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Picture of Dorian Gray Part Two Presentation

The Picture of Dorian Gray Discussion:Presentation

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Huysmans and the Decadent Aesthetic of Madness: Boredom, Loneliness, and Psychoneurosis (Presentation handout)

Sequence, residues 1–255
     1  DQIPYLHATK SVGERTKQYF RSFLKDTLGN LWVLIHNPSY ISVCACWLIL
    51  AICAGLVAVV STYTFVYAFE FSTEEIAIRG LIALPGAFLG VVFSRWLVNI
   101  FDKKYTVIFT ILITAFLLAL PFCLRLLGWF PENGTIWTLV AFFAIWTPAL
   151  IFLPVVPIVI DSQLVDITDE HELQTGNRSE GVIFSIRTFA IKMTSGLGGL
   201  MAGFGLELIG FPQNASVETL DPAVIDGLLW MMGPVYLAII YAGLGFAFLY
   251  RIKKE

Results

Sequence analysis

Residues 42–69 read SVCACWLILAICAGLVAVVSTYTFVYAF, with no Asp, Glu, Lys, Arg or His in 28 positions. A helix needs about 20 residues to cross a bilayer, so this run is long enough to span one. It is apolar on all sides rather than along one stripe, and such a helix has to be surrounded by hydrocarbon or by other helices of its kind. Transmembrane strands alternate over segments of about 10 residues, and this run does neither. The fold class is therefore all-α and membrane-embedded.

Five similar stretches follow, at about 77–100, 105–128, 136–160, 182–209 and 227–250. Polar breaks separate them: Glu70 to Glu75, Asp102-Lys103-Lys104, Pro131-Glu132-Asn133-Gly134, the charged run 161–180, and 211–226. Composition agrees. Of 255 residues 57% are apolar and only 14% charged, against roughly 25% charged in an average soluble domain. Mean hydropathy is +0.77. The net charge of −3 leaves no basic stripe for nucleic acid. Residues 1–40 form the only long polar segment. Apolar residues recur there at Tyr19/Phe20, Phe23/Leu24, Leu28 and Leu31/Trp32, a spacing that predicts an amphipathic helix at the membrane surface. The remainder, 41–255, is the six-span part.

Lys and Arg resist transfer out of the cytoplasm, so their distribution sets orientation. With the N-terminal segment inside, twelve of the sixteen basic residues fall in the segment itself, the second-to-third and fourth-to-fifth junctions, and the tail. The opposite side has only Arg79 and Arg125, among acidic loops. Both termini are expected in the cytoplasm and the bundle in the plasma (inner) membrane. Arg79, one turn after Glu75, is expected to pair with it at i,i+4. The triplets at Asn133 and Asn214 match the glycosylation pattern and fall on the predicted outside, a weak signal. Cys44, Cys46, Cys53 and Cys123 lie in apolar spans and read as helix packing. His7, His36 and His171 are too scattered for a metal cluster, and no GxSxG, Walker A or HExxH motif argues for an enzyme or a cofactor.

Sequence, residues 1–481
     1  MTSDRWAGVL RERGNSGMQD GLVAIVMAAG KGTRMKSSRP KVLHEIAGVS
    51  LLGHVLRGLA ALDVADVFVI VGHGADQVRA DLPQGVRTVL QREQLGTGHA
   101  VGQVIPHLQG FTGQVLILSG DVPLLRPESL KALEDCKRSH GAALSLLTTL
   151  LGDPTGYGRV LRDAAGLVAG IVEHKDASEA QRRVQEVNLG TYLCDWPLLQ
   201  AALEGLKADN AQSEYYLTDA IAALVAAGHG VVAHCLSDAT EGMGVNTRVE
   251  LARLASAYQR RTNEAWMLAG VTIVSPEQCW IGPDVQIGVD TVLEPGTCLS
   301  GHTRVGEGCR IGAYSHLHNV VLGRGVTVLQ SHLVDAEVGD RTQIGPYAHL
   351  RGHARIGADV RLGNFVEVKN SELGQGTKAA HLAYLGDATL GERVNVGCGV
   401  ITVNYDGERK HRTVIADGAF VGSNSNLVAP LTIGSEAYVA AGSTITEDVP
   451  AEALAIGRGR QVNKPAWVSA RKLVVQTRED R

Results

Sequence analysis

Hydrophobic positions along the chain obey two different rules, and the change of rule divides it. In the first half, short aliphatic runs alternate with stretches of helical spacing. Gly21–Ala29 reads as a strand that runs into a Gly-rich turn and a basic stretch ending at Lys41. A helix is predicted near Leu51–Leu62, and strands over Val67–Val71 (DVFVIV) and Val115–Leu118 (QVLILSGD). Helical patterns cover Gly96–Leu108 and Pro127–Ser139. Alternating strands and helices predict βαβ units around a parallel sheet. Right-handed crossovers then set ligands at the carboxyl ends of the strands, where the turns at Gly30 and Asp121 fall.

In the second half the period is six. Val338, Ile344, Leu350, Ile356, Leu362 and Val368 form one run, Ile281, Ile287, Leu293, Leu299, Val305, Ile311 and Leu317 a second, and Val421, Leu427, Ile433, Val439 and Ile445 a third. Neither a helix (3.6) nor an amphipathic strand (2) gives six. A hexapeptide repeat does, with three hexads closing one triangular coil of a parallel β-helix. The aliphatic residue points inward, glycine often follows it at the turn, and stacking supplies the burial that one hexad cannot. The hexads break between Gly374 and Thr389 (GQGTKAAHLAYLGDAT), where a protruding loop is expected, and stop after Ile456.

Since 1884, the readers of À Rebours have been challenged not only because of its extremely long and quite painful catalogues and descriptions, but also and above all, the mysterious literary topoi and the symbolism of À Rebours call into question the decadent aesthetic of the end of the century. À Rebours is considered the bible of French Decadence. But more importantly, des Esseintes’ anxieties and deliria are, to some extent, fascinating and denote a sort of alienation and disenchantment vis-à-vis a world in mutation. Des Esseintes’s behaviours underline the psycho-pathological symptoms of an important historical moment in the unfolding of history itself, namely la Fin de Siècle (the end of the nineteenth century). This period is also characterized by what has been called in French le Mal du siècle, which could be roughly translated as “the malady of the century.” This term is used to refer to the ennui (boredom), disenchantment, and melancholy experienced by young adults of Europe’s early 19th century. It is also associated with the rising of the Romantic Movement in French poetry. Approximately at the same time, Sigmund Freud deals with various cases of hysterical women that are increasing in modern and industrializing Europe. It is actually in an attempt to find a palliative to some barbaric practices used at that time to treat psychoneuroses and hysteria that Freud made his ground-breaking discoveries regarding the structure of the unconscious. One could say that des Esseintes embodies quite well the masculine flip side of the coin, namely madness and neurosis (névrose) associated with delusions and hallucinations, as it is very clear in the second part of the book. In this short presentation —followed up by an open discussion— we’ll try to tackle the problematic of an isolated life cut off from the world (in Fontenay) as opposed to a materialistic and hedonistic way of life (in Paris), and the existential crisis these two antithetic inclinations yield in des Esseintes’s mind.